Human Assets

  • No security system operates in a vacuum. The human resources can be just as, or even more important, than the physical infrastructure in place. They greatly influence how strong the security system actually is.

    Agency Partnerships—the district partners with several local agencies on safety and security. This includes not only law enforcement, such as local police departments and the Washington County Sheriff's Office, but also child welfare, mental health, and juvenile departments. Chief of Public Safety Lisa Erickson engages in a lot of liaison work to ensure our partners have what they need to keep our schools safe. School resource officers from law enforcement are key partners at the building level, not just preventing and mitigating incidents, but also striving to provide a positive, reassuring and supportive presence through class presentations and friendly, informal conversations.

    Police officer visitA North Plains police officer talks to kindergartners about stranger danger.

    All partners are well-trained, prepared to respond in any emergency, and stand ready to protect our children. They regularly participate in active shooter drills, an unfortunate consquence of the times we live in. Erickson indicated there is planning for a very large training event coming up that involves multiple agencies—public safety, police, fire, and dispatch—as well as others who need to be present for an emergency. This preparation reinforces the usual training to ensure everyone knows their roles and responsibilities.

    Attitudes and Behavior—we obviously don't want anything to happen, but we need to be prepared. Complacency, or the attitude that something won't happen, could result in inattention to security risks. Carelessness itself can be a security risk. 

    According to Erickson and Public Safety Systems Specialist Fred Kuest, the biggest holes in security are propped-open doors. While it may inconvenient to have a door locked while running a quick errand outside the building, such as getting something from a car (complacency), the act of propping open a door, or not securely closing it, is careless and leaves the building vulnerable to an intruder. Even if it’s just a few minutes, but especially if it's forgotten, an unguarded, open door totally negates a key security barrier and deterrence. To help prevent this, Kuest is currently investigating a project that would provide propped-door notification in our security monitoring system so that staff can immediately respond to close the door.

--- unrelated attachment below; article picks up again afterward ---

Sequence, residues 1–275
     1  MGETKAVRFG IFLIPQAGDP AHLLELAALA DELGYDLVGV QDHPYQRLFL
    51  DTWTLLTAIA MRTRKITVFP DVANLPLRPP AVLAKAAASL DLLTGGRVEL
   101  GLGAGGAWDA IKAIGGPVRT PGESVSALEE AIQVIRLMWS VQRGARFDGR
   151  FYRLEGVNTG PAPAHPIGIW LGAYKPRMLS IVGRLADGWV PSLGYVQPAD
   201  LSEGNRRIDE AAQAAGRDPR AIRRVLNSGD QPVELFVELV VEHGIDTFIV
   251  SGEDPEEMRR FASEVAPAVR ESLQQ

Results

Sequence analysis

Drills and systems training are very important ways to practice safety protocols and utilize the physical security in place. Every school year, each building is required to participate in periodic drills, whether they are lockouts, lockdowns, or fire drills. These drills not only reinforce the protocols and have everyone practice the correct behavior during different situations, but they also serve to provide feedback and to determine gaps and needed security improvements. Taking drills and training seriously and maintaining safe practices are ways to help keep everyone secure.

    “For us, it’s really getting the attitudes and the priority to safety,” Erickson said, “prioritized every day, every minute of the day, not just during an emergency event.”

    Community Vigilance—the mantra “if you see or hear something, say something” is important to preventing a threat or incident, whether this information comes via the rumor mill or social media. Reporting a tip to a teacher, administrator or safety officer allows an investigation before something can happen. Erickson stressed that these reports are treated confidentially. They result in a threat
    assessment process with our partners, including meetings, decisions, and contacts with students and families as needed, to mitigate and prevent the threat or incident. 

    “I think sometimes people are afraid to [report],” Erickson remarked, “but we would rather have the information and resolve it to nothing than not have it, and have an event occur.”

    Reporting Safety Concerns
    Immediate danger: call 911
    For non-emergencies: visit for options.

    Erickson encourages parents to have open, age-appropriate discussions with their children about safety, such as taking drills seriously, listening to staff, helping to keep doors closed, and not letting people in who should not be in the building. Staff also should be discussing safety and providing feedback on what is best for their building.